QUESTION: Are we ever going to see new constellations, or are the ones we see now always be there?

ANSWER: Hi Maria,

When you say "we", I assume you mean in your lifetime. In that case, the constellations you see will not change.

But if you mean "the human race", we will see new constellations simply because the earth's axis wobbles in space (termed 'precession of the equinoxes'). It takes 23,000 years for a complete wobble, so new constellations will come into view - peaking in 13,000 years. Polaris is now within one degree of the North Celestial Pole, but in 13,000 years, it will be about 23.5 degrees from the Pole. So some Southern constellations will slowly become visible.

Besides precession, all stars are moving - they have "proper motion". But they're so far away that it takes a long time to notice their movement. An interesting site is This site gives the appearance of some constellations over the past 150,000 years.

Hope that helps.

Prof. James Gort

---------- FOLLOW-UP ----------

QUESTION: Thanks so much. That's really interesting. So do you know what other consolations the human race will see?
Have you done research about the other constellations the people in the way past might have seen?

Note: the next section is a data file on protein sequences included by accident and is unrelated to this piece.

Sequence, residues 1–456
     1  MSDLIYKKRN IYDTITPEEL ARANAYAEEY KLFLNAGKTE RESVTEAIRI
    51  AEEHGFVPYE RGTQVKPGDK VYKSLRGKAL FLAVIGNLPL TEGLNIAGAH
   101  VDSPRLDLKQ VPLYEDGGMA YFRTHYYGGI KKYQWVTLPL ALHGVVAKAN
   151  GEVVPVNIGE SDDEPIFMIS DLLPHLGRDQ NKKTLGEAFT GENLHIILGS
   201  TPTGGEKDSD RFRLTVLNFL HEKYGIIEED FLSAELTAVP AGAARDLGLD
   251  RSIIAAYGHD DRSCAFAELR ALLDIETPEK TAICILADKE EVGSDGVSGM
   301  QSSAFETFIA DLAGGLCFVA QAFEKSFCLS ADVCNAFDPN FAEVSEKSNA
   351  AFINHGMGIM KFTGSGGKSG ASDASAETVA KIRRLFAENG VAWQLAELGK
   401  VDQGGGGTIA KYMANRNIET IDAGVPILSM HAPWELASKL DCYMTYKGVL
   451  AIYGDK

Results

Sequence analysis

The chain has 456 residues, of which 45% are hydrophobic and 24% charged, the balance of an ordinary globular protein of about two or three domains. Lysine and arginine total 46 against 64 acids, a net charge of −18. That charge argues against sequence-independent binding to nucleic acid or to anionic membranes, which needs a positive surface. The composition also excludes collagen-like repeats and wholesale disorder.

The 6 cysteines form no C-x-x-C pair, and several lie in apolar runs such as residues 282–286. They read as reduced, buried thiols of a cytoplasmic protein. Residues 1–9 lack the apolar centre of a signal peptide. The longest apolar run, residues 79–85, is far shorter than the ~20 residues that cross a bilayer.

Hi Maria,

No, astronomers are not very concerned with the way constellations will appear in the future, although they are very concerned with the positions of stars (and their positions do make up the constellations). In fact, star atlases always have an "epoch", or the date at which the positions of stars (the "constellations") are accurate. Some atlases have an epoch of 1950, 2000, or 2050. I've never seen an atlas with an epoch of 2100 or later, but astronomers can calculate how the positions of stars will change for any date in the future (or the past), and how the appearance of constellations will change.

This site gives a bit of the early history of star maps - Some constellations were apparently drawn at least 32,000 years ago, and those drawings appear to show constellations very similar to the constellations of today.

In the sky, things change very slowly!

Prof. James Gort  


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James Gort


Questions on observational astronomy, optics, and astrophysics. Specializing in the evolution of stars, variable stars, supernovae, neuton stars/pulsars, black holes, quasars, and cosmology.


I was a professional astronomer (University of Texas, McDonald Observatory), lecturer at the Adler Planetarium, professor of astrophysics, and amateur astronomer for 42 years. I have made numerous telescopes, and I am currently building one of the largest private observatories in Canada.

StarDate, University of Texas, numerous Journal Publications

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